Belfort’s UFC return started off with a vintage performance: a first round knockout over former middleweight champion Rich Franklin. With the KO power he’d demonstrated in the 90’s, but a hard won maturity, he earned a 2011 shot against champion Anderson Silva.
Despite a promising start, like many others, Belfort was on borrowed time against Silva. Shortly after the three minute mark Silva placed a front kick under Belfort’s jaw that snapped his head back and buckled him to the mat. It was the champion’s most impressive KO, a move that now lives on in every Anderson Silva highlight reel.
One might have wondered whether the KO would rob Belfort of his confidence. But the Brazilian followed it up with two spectacular victories, a first round KO of Yoshihiro Akiyama and a first round rear naked choke victory over Anthony “Rumble” Johnson. He proved that his fighting spirit was not so easily extinguished.
In the scramble to find a suitable opponent to challenge Jon Jones for the UFC light heavyweight title at UFC 152, Belfort stepped up. Fighting in his former weight class on short notice, he gave Jones his scariest moment in the Octagon after catching the champion in an armbar in round one. But Jones held on, escaped, and proceeded to control Belfort with a varied attack before submitting him with a shoulder lock in the fourth round. Nevertheless, the Brazilian’s decision to take the fight was a testament to his toughness.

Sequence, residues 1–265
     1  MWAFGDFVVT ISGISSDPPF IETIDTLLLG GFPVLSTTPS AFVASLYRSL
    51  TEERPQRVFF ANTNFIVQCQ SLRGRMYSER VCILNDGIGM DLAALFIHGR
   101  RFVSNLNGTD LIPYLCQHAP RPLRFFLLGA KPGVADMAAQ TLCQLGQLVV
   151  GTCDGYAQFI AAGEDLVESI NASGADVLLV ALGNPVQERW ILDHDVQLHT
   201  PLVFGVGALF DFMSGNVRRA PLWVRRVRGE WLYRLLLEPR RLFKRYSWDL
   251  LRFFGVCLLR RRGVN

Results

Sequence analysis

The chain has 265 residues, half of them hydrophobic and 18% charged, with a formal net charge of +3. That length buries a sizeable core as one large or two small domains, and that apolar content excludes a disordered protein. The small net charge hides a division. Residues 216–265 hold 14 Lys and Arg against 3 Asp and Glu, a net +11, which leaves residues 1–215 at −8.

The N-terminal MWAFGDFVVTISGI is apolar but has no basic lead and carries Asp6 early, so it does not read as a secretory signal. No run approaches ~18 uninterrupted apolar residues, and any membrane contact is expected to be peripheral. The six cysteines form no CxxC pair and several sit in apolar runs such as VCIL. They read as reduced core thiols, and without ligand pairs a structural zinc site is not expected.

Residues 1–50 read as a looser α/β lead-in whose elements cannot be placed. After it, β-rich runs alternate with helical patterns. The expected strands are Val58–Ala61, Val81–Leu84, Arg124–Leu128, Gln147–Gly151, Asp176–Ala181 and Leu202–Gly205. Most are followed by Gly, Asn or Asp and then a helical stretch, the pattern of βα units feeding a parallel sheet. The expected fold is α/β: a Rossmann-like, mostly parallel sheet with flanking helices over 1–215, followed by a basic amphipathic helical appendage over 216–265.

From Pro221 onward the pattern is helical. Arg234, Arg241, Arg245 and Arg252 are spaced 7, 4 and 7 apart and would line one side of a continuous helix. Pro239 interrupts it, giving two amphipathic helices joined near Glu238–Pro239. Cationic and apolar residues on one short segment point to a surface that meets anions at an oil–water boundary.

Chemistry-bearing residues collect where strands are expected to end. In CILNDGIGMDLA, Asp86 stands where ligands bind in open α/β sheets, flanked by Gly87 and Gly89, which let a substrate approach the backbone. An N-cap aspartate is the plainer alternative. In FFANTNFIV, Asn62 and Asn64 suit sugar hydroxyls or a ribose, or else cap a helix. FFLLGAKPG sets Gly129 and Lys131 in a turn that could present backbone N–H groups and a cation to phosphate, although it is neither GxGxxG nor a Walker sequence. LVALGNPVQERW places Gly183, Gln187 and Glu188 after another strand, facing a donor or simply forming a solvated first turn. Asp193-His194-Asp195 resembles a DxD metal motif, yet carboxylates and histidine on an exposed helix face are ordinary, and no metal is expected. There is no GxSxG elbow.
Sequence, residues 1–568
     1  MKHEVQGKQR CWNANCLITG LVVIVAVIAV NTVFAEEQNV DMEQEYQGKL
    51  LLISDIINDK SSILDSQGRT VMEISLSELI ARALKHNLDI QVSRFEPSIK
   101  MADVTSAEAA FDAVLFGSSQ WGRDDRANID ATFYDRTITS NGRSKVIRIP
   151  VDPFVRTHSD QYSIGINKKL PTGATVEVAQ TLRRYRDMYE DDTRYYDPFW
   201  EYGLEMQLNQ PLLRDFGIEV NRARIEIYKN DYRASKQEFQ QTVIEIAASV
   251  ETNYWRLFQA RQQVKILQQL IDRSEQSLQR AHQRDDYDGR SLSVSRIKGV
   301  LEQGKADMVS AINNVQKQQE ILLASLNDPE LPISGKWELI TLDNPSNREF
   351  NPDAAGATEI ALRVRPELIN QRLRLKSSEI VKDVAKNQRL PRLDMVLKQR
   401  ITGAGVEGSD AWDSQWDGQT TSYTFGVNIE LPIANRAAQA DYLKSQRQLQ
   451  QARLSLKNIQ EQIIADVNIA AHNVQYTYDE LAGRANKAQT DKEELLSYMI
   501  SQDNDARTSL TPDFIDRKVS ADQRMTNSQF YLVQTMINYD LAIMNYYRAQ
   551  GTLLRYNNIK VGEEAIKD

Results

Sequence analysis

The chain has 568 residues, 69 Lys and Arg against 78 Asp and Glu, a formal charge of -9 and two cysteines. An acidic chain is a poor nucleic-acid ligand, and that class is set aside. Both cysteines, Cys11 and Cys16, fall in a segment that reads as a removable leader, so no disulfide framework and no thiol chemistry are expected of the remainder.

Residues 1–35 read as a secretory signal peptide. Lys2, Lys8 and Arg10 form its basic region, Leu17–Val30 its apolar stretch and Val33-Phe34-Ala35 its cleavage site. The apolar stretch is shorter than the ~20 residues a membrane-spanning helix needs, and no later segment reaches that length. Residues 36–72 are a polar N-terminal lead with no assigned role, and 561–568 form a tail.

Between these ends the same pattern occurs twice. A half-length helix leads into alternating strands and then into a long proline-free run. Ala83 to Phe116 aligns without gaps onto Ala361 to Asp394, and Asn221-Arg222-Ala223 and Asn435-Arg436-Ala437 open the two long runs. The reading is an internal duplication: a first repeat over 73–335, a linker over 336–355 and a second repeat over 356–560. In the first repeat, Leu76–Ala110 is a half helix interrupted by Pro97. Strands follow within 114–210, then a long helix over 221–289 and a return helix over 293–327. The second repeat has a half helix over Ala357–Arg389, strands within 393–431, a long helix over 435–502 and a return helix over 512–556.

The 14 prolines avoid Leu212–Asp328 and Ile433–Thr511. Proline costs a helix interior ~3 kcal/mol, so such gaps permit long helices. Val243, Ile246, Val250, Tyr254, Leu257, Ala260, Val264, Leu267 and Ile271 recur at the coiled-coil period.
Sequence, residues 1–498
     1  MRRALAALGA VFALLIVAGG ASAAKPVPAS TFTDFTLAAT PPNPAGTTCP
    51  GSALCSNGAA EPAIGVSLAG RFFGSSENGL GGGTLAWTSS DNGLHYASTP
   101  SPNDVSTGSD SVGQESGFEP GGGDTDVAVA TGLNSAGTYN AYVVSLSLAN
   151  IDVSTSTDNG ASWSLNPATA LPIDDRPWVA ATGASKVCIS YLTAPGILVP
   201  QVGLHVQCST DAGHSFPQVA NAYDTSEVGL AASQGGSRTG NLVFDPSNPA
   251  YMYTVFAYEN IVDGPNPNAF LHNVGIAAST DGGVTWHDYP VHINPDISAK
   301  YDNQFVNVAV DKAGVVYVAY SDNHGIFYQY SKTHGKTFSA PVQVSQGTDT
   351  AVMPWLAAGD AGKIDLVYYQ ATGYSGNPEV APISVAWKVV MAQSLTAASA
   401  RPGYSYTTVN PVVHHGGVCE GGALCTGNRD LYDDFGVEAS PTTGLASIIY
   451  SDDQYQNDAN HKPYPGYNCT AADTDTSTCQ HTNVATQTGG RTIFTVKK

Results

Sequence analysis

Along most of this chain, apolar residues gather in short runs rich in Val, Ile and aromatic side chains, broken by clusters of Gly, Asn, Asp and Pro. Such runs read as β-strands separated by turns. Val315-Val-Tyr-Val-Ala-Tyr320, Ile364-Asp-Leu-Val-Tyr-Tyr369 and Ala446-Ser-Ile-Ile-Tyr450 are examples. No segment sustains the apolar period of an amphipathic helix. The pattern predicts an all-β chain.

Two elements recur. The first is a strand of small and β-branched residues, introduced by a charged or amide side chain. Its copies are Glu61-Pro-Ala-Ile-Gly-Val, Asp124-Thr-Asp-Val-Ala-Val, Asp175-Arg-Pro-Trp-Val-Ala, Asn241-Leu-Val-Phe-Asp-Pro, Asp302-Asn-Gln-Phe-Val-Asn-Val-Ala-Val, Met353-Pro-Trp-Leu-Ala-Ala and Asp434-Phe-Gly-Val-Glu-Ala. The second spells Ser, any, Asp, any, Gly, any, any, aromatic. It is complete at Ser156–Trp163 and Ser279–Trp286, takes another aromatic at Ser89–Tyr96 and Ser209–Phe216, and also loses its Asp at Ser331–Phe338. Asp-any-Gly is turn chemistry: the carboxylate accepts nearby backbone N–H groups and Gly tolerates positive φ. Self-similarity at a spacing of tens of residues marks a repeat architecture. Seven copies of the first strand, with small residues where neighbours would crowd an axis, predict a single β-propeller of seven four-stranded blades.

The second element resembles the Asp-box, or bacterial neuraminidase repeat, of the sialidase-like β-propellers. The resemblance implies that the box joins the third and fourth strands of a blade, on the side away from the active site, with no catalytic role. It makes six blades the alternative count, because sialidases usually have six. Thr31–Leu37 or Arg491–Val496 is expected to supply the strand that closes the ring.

Belfort’s victories at middleweight have earned him his January 19 fight against top contender Michael Bisping. Should he beat the Brit, he’ll be in the mix for an eventual title shot once more. There is now less talk of the “Old” and “New” Vitor. If it was ever a reasonable way of looking at the Brazilian’s career, it no longer is. Despite critics eager to dismiss him, after profound personal tragedy and tough losses in the cage, Belfort has persevered. He’s spent over 16 years in the toughest sport in the world. Now 35 and a father of three, “The Phenom” remains relevant and dangerous.
More than 16 Years Later, Belfort is Still Relevant and Dangerous
By Philip Ferraro 1月 09, 2013